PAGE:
Dayton permanently closes 2 city golf courses

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Dayton permanently closes 2 city golf courses

Dayton permanently closes 2 city golf courses

Today, The City of Dayton announced the permanent closure of Kitty Hawk and Madden Golf Centers.

Dayton permanently closes 2 city golf courses

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City closes Kitty Hawk and Madden Golf Centers

Today, The City of Dayton announced the permanent closure of Kitty Hawk and Madden Golf Centers.
“Of the estimated 20,000 individuals that use City golf courses, fewer than 2,500 are Dayton residents. Subsidizing golf operations for less than 2 percent of the city population would not be a prudent course of action at this critical time,” said Dayton Mayor Nan Whaley. “For some, this might feel like a loss, but we are committed to making sure that the city’s resources are being used in ways that benefit our residents most, particularly our young people and seniors.”
In 2018, the City hired the National Golf Foundation to complete a study of the City of Dayton’s three golf courses. Kitty Hawk, Community, and Madden Golf Centers. The study concluded that the City’s golf courses would require a minimum subsidy of $7.5 million over the next five years. As a result of the new COVID-19 state protocols for golf courses, the City would be required to subsidize golf operations at an estimated $500,000 or more for the 2020 season.   
“Making the decision to permanently close these facilities was not easy. However in light of the current health and economic crisis, the City is not in a position to make the necessary capital investments needed to continue operations,” said City Manager Shelley Dickstein. “By making the decision to reduce the size of our golf operations now, we are in a better position to provide needed funding for essential front-line services that aid and protect our residents.”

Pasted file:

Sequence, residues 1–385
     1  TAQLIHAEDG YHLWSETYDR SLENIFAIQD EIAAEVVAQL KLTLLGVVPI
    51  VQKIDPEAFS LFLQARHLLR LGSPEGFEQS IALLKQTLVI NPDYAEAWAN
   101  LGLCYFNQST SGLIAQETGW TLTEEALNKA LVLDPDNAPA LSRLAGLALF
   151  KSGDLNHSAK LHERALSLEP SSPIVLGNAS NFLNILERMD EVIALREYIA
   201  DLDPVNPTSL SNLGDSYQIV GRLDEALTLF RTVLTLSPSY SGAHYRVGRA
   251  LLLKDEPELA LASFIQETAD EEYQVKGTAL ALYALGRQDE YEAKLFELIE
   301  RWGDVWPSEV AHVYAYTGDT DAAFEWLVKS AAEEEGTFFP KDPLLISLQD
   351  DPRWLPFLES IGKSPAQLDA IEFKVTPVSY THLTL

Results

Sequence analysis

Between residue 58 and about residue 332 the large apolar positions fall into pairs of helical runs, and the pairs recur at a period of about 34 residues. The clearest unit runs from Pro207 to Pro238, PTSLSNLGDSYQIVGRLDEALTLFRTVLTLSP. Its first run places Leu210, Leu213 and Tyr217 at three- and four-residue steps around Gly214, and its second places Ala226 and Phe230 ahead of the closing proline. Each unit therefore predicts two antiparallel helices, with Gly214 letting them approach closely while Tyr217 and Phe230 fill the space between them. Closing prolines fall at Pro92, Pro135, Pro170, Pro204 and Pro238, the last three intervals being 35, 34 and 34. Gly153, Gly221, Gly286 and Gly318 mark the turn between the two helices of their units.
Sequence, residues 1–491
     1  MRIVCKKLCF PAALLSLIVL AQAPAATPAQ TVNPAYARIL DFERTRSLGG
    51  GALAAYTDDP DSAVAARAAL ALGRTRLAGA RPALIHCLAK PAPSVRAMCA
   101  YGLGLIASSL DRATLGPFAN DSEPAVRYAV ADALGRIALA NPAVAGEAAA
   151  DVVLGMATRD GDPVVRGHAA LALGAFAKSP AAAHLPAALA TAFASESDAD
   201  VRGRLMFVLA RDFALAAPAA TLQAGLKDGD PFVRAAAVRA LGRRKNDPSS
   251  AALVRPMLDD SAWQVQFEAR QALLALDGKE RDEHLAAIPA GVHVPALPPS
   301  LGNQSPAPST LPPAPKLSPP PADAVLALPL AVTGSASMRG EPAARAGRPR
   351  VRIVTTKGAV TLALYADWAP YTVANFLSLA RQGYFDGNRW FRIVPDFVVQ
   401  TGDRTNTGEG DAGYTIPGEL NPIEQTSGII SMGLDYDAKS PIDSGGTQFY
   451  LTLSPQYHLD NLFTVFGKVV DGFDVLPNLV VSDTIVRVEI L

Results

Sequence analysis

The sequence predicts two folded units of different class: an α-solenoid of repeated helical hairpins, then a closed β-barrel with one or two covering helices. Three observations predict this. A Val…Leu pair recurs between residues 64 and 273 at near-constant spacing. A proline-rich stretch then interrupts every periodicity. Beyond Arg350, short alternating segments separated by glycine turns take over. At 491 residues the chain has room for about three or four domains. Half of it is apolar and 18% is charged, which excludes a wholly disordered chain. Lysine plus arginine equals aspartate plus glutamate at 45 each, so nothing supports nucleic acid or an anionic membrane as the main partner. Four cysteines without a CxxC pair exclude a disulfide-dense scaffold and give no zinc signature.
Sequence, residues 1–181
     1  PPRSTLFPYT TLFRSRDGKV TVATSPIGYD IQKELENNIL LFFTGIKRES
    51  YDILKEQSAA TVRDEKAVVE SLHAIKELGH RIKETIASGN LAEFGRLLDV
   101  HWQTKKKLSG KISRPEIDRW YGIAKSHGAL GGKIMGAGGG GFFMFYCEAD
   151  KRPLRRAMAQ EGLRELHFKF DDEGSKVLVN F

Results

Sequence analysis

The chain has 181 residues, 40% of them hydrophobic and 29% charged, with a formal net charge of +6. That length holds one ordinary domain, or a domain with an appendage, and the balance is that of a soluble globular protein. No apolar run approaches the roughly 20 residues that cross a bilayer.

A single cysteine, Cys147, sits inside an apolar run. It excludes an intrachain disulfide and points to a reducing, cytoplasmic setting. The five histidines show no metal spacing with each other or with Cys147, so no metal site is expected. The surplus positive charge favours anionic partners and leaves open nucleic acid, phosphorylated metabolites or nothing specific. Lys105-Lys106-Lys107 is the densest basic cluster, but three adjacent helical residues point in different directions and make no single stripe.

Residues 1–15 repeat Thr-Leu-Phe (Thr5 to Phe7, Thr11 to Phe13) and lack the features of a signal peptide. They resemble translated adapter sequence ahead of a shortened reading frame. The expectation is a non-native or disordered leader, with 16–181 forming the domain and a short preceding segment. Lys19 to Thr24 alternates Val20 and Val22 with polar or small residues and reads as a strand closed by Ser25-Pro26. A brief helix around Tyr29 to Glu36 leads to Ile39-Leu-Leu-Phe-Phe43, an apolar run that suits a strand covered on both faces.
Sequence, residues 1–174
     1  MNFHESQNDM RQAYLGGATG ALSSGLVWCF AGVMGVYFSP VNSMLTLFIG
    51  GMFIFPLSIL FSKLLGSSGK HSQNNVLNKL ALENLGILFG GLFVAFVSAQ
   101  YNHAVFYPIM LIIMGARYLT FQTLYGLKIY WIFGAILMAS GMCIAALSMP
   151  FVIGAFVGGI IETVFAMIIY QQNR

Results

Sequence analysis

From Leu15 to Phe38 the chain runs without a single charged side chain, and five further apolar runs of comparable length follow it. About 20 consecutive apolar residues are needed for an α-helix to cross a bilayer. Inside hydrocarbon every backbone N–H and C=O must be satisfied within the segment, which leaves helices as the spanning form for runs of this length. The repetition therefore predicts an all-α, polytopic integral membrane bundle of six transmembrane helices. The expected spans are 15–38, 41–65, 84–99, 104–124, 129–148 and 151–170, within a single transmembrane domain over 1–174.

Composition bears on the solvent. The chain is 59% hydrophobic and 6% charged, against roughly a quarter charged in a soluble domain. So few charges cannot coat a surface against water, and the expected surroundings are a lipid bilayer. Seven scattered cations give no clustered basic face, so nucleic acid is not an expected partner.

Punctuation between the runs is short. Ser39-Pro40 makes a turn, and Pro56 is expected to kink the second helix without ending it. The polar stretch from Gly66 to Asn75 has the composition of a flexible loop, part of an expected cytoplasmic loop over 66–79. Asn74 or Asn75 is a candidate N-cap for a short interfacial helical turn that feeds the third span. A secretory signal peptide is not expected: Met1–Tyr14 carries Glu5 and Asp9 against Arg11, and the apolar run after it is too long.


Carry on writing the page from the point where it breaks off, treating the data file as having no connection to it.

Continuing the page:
Community Golf Center will not be effected by the closures and will reopen at a time that is safe for the community. The decision to keep Community Golf Center operational results from its long-term ability to be self-sustainable, and to generate a surplus of revenue. The City is committing that revenue generated by Community will be invested into recreation services. This will be codified in an ordinance that will be before the City Commission in the coming weeks and with a full season next year, the fund could begin to receive revenue in 18 months
Unfortunately, this means the City will reduce golf staff to a number that supports Community Golf Center only. Affected employees will have the ability to participate in the City’s voluntary separation plan. 
The closure of these golf facilities is one of many cost-cutting activities the City has implemented. Last month, the City announced dozens of layoffs and slashed expenses at the Dayton International Airport. Additionally, the City has implemented a hiring freeze, limited expenditures to essential services/functions only, slashed General Fund supported departments’ budgets by 18% and shuttered $8 million in capital projects.
City leadership continues to have ongoing conversation with respect to keeping the City’s General Fund solvent, including pay cuts, mandatory cost savings days, voluntary separation plans, and position eliminations. A 2020 budget correction plan detailing all of these actions is currently under development.
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